Commercial vehicle drivers adhere to “Hours of Service” laws that dictate how many hours they can legally drive in a day. These laws were enacted to make sure that drivers aren’t fatigued when behind the wheel. They are important because driving while fatigued can make a driver more prone to error; some studies suggest that drowsy driving is comparable to drunk driving when it comes to impairing driver performance.
With the emergence of the ridesharing services Uber and Lyft, both of which operate in Houston, the accepted norms and standards that govern conventional transportation workers do not apply to a growing subset of “professional” drivers. Uber and Lyft drivers aren’t vetted or trained like their CMV (Commercial Motor Vehicle) driver counterparts that have a special type of driver’s license. They are also not subject to the same laws. As ridesharing apps increase in popularity and more people look to driving to supplement their income, a lack of standards could prove to be dangerous for everyone on our roads.
The Wild West of Ridesharing Oversight
Uber doesn’t place a limit on how many hours a driver can work. Making matters worse, there are periods when fares spike, giving drivers incentives to keep driving well past a point that they would otherwise take a break. USA Today reported a story about a driver who drove 20 hours straight because his hourly rate inexplicably jumped from $8 to $20 and he felt compelled to take advantage of it.
The USA Today’s story might be more common than people would like to believe. For drivers who rely exclusively on income from ridesharing services, a 16-hour shift during peak fares might be the only way to pay the bills. These grueling shifts force drivers to rely heavily on caffeine and push their bodies well beyond their limits.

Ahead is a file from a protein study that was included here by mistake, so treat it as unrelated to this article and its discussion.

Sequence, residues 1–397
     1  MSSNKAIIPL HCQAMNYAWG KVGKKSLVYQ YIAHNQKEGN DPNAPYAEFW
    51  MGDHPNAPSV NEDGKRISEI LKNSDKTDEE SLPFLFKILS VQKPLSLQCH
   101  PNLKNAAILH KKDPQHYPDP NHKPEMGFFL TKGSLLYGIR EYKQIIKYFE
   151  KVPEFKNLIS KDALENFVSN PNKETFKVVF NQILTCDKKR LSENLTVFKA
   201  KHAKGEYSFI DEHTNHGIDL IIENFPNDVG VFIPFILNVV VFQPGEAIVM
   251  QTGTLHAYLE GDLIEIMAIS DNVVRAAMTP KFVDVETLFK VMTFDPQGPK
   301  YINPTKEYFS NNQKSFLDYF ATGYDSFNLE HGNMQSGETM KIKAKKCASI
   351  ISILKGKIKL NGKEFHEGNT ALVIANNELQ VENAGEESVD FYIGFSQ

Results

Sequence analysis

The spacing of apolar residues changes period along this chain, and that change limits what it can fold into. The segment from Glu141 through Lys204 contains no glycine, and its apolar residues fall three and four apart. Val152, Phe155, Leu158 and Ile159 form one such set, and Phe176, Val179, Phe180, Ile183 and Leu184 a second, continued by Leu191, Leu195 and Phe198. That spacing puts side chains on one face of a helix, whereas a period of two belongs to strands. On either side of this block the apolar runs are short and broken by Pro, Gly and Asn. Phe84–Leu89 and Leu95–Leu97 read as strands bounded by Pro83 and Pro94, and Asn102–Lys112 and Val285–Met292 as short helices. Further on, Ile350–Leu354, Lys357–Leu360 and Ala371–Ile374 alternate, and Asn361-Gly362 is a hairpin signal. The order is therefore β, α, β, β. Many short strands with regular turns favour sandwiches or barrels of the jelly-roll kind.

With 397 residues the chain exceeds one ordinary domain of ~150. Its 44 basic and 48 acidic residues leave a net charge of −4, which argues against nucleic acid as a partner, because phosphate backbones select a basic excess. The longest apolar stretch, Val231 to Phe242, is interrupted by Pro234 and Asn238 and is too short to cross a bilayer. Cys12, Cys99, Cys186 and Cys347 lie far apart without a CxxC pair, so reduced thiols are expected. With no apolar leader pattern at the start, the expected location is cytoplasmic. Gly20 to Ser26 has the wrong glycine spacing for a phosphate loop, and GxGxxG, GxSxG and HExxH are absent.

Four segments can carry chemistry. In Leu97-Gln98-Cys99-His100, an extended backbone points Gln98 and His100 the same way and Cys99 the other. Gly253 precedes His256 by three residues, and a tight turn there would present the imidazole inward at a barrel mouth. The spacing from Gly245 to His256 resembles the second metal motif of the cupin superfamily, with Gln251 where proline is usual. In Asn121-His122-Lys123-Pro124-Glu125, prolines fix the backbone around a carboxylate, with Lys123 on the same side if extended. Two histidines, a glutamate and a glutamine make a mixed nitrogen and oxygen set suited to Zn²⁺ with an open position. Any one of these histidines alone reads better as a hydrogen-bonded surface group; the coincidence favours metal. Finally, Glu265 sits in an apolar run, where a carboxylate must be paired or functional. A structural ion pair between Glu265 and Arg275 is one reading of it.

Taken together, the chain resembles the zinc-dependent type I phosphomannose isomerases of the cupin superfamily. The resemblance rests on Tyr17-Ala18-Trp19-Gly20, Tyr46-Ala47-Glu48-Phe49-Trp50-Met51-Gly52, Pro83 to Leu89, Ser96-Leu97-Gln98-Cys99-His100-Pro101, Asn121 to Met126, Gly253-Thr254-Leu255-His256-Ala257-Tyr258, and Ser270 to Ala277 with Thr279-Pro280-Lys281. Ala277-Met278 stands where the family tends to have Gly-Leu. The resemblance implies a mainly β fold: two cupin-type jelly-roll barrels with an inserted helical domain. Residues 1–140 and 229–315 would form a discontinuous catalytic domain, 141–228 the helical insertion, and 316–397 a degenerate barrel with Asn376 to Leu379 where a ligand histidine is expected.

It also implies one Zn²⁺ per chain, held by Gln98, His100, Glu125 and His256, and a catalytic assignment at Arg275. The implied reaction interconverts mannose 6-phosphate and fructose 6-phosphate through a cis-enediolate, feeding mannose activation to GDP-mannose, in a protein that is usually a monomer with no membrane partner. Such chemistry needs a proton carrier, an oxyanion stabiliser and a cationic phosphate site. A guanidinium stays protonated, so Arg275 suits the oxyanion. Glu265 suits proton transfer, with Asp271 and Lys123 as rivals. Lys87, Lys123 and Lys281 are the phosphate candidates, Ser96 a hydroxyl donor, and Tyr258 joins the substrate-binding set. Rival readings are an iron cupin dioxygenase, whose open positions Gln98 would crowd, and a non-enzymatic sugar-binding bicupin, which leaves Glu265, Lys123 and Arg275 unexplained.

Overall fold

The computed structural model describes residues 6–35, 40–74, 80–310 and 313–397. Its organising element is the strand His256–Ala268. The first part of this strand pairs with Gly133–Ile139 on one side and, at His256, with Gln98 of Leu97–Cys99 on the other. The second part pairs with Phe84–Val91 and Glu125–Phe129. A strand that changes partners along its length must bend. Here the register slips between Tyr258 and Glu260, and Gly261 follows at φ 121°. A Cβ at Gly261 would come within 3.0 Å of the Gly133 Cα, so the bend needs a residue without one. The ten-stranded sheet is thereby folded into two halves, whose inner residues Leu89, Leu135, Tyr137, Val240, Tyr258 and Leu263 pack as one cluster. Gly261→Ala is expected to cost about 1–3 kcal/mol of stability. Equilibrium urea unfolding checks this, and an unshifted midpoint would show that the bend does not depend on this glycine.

Uber’s rival, Lyft, conversely, does put a limit on how many consecutive hours a worker can drive. After 14 hours, the app shuts down and a driver can’t begin working again until six hours of time off. However, even with that limit, Lyft drivers are allowed four more hours on the road per day than passenger-carrying commercial vehicle drivers. Federal law says that no passenger-carrying commercial vehicle driver can drive for more than 10 hours a day, but rideshare companies don’t have to abide by those same laws.
A Lure to Rideshare, Despite the Risks
People who use rideshare apps are drawn to the convenience and speed of the service. Drivers are drawn to the opportunity to make money on the side and set their own hours. But the inherent problems that accompany these types of services present serious risks for both passengers and drivers. No one wants to drive for 16 hours straight just to pay their bills, and no one wants to hail a ride in a vehicle being driven by someone who is completely exhausted from a 14-hour stint of driving.
Drowsy driving is a serious problem on our roads. There is a good reason that federal law limits the number of hours a professional driver can work in each day. After driving several hours straight, drivers can become distracted, lose focus, and be much more prone to error.
If you’ve been injured in a crash involving a fatigued driver, you shouldn’t have to pay the costs associated with your injury. At the accident and injury law office of Terry Bryant, we have years of experience getting our clients the compensation they deserve.
To schedule a free consultation with the accident and injury law office of Terry Bryant, contact us today by filling out our online contact form or giving us a call at 1 (800) 444-5000 or locally in the Houston area at (713) 973-8888.